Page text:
If home prices increase more than the rate that you locked-in, then purchasing the home would allow you to gain that appreciation in price.
If home prices decrease, your locked-in price would be more expensive. At a certain point, it can be better to not purchase the home.
In the above example, the locked-in home price was $546,363 due to a 3% price growth per year. The total cost of the rent-to-own options was $27,318.
If the home price increases, such as to $570,000 rather than to $546,363, then you would be making an additional $23,637 ($570,000-$546,363). It would be better to go through with the purchase rather than to not purchase.
|Purchasing the Home||Not Purchasing the Home|
|Locked-in Purchase Price||$546,363||$546,363|
|Future Home Price||$570,000||$570,000|
|Impact Due to Prices||+$23,637||-$23,637|
|Cost of Rent-to-Own Options||-||-$27,318|
If the home price decreases, such as to $530,000, then you would be paying an additional $16,363. If home prices decrease significantly, such as to $500,000, then you would ‘lose’ an additional $46,363 if you purchase.
If you decide not to purchase, you will lose the $27,318 that you paid from the agreement, but save $46,363 from an inflated locked-in purchase price. This would make you $19,045 ahead if you decide not to purchase.
|Purchasing the Home||Not Purchasing the Home|
|Locked-in Purchase Price||$546,363||$546,363|
|Future Home Price||$500,000||$500,000|
|Impact Due to Prices||-$46,363||+$46,363|
|Cost of Rent-to-Own Options||-||-$27,318|
While you would still lose $19,045 from not purchasing the home over just renting the home over the same time period, you would lose $46,363 if you choose to purchase the home. In this case, it would be better to not purchase the home.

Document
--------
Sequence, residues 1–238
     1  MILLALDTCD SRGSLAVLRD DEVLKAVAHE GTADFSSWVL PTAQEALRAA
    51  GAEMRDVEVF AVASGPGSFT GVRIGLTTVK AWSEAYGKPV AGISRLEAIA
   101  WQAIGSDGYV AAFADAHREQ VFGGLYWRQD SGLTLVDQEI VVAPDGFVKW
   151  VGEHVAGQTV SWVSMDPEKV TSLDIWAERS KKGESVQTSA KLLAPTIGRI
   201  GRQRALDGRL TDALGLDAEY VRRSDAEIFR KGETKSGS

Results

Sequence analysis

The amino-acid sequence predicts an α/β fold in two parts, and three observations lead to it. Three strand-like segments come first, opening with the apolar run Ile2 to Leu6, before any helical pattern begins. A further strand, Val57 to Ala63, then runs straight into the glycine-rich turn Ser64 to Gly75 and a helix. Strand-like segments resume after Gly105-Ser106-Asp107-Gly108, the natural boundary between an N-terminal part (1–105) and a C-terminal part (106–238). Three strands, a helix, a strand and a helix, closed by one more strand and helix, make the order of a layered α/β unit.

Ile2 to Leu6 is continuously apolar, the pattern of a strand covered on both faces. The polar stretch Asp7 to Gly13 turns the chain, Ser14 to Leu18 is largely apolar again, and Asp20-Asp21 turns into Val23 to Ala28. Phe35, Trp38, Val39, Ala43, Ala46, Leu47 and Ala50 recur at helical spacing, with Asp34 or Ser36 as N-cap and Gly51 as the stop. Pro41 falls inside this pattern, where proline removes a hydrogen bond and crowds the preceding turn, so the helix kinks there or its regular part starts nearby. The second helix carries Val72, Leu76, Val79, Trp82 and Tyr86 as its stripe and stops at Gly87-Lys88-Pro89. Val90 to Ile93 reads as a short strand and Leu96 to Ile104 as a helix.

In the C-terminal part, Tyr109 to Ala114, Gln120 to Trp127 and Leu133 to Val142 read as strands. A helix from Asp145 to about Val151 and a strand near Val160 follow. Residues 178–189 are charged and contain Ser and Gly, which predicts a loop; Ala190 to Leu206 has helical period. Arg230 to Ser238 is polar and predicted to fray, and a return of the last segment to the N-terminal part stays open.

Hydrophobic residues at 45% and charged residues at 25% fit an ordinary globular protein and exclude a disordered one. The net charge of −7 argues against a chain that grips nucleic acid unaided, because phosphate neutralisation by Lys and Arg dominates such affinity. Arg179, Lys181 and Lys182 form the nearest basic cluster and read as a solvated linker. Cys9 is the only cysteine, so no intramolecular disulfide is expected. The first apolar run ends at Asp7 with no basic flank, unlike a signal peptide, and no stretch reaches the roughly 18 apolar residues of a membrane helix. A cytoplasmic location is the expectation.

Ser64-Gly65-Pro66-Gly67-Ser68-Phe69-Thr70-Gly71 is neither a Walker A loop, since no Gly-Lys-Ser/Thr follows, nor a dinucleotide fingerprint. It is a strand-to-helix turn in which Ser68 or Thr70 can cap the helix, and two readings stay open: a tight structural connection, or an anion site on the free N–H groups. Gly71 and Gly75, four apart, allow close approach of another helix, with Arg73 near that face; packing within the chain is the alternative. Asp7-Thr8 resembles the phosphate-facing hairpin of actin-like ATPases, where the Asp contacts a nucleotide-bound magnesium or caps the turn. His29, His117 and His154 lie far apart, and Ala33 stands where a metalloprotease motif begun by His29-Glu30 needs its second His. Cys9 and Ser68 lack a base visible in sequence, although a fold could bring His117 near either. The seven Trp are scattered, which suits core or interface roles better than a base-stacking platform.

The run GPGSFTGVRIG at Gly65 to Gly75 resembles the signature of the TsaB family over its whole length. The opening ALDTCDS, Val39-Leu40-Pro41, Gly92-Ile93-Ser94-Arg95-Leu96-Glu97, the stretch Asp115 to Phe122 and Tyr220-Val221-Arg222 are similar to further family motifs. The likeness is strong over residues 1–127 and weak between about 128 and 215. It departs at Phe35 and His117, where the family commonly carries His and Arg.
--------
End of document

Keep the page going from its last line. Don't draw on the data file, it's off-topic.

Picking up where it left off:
The break-even point is if the price of the home in the future is around the locked-in purchase price minus the total cost of the rent-to-own options (option fee plus rent credits).
A rent-to-own agreement template will include many terms that have been agreed upon. The agreement will also outline your responsibilities. A typical rent-to-own agreement will contain at least the following items:
There are rent-to-own properties across Canada, including many in rent-to-own homes in Ontario, British Columbia, Alberta, and Quebec. Finding a rent-to-own home near me can be as simple as contacting a landlord for a property that you are interested in and negotiating a rent-to-own agreement. Rent-to-own homes in expensive cities such as Toronto, Vancouver, and Mississauga can help make it easier for first time homebuyers to purchase a home.
There are many companies that specialize in rent-to-own properties. A rent-to-own company allows you to select a home that you wish to purchase, can help fix your credit score, and will help you qualify for a mortgage at the end of your mortgage term.
JAAG Properties is a rent-to-own company that operates throughout the province of Ontario. JAAG Properties helps new immigrants, self-employed, and those undergoing bankruptcy or divorce to get on the pathway towards homeownership, as well as help those who otherwise can’t qualify for a mortgage. Their average rent-to-own term is three years, but can range from 2 years to 4 years.
R&R Financial (Rent-to-Own Homes GTA) allows you to choose any property that is currently listed for sale within a certain approved amount. Your monthly rent payment is fixed, and the price of the home is also fixed. Terms can range from 2 years to 4 years. 15% to 25% of your monthly rent payments will go towards your home as a rent credit.
To qualify, R&R Financial requires a 5% down payment (option fee) and a household income of at least $80,000. R&R Financial operates in the GTA, including Toronto, Mississauga, Brampton, Hamilton, Markham, Vaughan.
Requity Homes offers a modernized rent-to-own program to aspiring home buyers who aren't mortgage-ready today. They offer terms from two to five years and operate in all major cities throughout Ontario including North Bay, Sudbury, Sault Ste. Marie and Thunder Bay. They also offer cash-out options for renter-buyers if their circumstance changes.